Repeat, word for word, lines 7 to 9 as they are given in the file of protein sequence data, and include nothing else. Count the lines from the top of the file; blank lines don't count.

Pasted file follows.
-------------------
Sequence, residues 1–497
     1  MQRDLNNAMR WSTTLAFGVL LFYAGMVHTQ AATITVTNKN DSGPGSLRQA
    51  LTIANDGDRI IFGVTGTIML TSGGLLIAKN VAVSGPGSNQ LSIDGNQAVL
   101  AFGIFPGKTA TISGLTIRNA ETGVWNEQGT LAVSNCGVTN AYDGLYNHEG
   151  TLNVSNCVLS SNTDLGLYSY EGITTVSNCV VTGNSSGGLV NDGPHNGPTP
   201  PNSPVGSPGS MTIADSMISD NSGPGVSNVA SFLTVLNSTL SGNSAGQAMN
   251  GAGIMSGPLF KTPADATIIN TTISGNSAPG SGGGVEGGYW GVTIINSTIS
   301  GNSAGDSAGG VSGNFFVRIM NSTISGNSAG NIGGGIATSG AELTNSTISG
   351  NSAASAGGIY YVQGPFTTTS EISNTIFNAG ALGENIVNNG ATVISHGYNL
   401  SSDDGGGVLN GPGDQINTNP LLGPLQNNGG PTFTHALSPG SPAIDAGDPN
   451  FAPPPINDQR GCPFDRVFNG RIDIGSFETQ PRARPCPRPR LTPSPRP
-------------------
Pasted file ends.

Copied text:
   251  GAGIMSGPLF KTPADATIIN TTISGNSAPG SGGGVEGGYW GVTIINSTIS
   301  GNSAGDSAGG VSGNFFVRIM NSTISGNSAG NIGGGIATSG AELTNSTISG
   351  NSAASAGGIY YVQGPFTTTS EISNTIFNAG ALGENIVNNG ATVISHGYNL